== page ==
When Salvador Dalí fell in love with Gala she was married to the French poet Paul Éluard, while the Spaniard was on the brink of gaining recognition for his visionary talent. It was three years before Dalí would paint his memorable work, The Persistence of Memory. Perhaps Gala had an innate ability to spot undetected talent, for she had become a constant presence within the Surrealists’ group and, for a few years, indulged in a ménage à trois with Max Ernst and Éluard. Her sexual liberty had become legendary, as she befriended so many of the Surrealists, and her affairs continued even after she married Dalí in 1935. Her new husband didn’t seem to mind them.
Many of Dalí’s peers had blamed Gala for the Spaniard’s loss of artistry and his focus on commercial art during the last part of his career. As his agent, Gala was in charge of the finances and she assumed that role very seriously. While her greediness may have contributed to Dalí’s decline, some are quick to forget that she was there for him when he was still unknown and that she was an integral part of his meteoric rise to fame.
Dalí worshipped Gala – she was his muse and the love of his life. He painted her frequently, often in religious contexts, like Virgin Mary in The Madonna of Port Lligat. Galatea of the Spheres is one of the many portraits Dalí did of his wife, in this instance depicting her head and shoulders as fragmented into spheres that seem to float in space.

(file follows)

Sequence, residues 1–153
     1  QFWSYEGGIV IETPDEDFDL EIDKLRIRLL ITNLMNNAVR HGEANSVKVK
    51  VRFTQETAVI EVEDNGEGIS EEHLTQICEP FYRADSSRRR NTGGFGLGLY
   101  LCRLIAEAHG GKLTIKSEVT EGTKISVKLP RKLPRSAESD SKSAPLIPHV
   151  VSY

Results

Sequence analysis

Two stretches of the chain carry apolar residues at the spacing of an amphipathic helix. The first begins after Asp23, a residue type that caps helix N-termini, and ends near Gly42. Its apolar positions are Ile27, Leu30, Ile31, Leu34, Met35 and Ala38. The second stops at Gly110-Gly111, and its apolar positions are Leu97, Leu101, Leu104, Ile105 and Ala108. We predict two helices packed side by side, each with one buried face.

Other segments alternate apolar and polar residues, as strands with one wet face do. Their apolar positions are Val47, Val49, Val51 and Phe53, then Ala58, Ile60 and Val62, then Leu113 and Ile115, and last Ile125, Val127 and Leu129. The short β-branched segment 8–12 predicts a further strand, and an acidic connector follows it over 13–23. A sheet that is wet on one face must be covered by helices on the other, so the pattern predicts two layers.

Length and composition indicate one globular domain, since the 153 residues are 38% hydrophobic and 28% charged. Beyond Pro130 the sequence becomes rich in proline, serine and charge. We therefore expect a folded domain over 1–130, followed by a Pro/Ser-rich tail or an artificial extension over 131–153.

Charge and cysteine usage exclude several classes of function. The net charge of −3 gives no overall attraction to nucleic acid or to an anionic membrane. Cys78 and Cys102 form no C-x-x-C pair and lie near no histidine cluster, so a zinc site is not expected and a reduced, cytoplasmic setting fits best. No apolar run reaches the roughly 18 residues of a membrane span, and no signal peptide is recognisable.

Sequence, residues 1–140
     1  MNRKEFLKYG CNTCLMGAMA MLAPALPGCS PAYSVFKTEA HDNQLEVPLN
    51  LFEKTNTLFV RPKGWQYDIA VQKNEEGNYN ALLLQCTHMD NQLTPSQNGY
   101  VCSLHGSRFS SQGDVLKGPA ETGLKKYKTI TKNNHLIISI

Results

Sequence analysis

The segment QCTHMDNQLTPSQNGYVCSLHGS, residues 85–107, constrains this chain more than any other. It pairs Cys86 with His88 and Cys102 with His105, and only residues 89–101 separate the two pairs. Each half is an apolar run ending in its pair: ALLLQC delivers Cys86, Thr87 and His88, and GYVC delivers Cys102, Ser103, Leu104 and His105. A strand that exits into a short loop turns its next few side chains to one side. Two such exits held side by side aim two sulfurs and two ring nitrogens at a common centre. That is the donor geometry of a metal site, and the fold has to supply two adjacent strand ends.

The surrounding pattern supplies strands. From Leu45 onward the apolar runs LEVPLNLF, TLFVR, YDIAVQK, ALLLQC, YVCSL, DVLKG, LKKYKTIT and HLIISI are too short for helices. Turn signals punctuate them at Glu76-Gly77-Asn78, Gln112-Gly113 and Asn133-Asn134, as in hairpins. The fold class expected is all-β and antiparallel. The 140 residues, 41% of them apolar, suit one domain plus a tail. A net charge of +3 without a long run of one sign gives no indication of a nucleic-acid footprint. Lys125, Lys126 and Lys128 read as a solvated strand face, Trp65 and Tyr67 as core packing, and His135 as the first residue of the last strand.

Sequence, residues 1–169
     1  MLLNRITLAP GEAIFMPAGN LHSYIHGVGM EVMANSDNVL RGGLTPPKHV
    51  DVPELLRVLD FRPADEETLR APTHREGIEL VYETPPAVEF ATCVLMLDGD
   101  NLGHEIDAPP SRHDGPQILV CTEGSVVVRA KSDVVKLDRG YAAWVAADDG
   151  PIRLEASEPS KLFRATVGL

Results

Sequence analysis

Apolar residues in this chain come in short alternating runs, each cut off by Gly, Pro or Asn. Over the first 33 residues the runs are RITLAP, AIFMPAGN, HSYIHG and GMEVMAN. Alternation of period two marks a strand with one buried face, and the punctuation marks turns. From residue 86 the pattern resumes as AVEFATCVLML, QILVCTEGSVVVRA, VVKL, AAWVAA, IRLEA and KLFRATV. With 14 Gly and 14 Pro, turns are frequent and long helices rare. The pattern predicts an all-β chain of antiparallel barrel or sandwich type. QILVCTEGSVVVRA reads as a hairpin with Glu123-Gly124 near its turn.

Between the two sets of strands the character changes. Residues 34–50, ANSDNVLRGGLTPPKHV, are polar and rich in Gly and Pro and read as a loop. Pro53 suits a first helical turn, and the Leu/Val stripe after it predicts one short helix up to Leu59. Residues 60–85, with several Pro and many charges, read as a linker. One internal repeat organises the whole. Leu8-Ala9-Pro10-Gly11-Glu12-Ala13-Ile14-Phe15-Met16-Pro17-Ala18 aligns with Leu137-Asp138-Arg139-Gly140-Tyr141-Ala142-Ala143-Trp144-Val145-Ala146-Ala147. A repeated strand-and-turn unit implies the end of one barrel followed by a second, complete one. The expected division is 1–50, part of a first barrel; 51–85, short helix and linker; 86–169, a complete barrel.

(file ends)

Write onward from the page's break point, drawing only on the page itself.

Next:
The fragmentation indicates Dalí’s fascination at the time with nuclear physics and the revelation that matter was made up of atoms. He explored these concepts (usually coupled with religion) in many of his paintings, declaring those years his nuclear mysticism period. In his Anti-Matter Manifesto, Dalí explained this new approach to art:
“In the Surrealist period, I wanted to create the iconography of the interior world and the world of the marvelous, of my father Freud. Today, the exterior world and that of physics has transcended the one of psychology. My father today is Dr. Heisenberg.”
While the spheres that make up Gala’s head reference the atom as the smallest constituent unit of matter, amassed as a microcosm, the three-dimensional suspension of the spheres also reminds me of a galaxy of planets (a macrocosm). It is a touching portrait of Gala, bearing the grace and serenity of a Renaissance Madonna. By blending fundamental physics with the affection Dalí held for her, the painting suggests that she infused the physical reality around her with love or that love is as much of a building block as the atom.
Now, you may be wondering why the title says Galatea and not Gala. Dalí called her by many affectionate names and, in this instance, he is referencing the Greek legend of Pygmalion, the Cypriot sculptor who fell in love with the statue he carved out of ivory, which he named Galatea. With Aphrodite’s blessing, the statue came to life when Pygmalion kissed her lips and the two of them then married. By calling her Galatea, Dalí was recognizing Gala’s beauty and perfection, attributes one would find in a flawless, Greek statue, while also alluding to the interrelatedness of love and creation as the foundation of their relationship.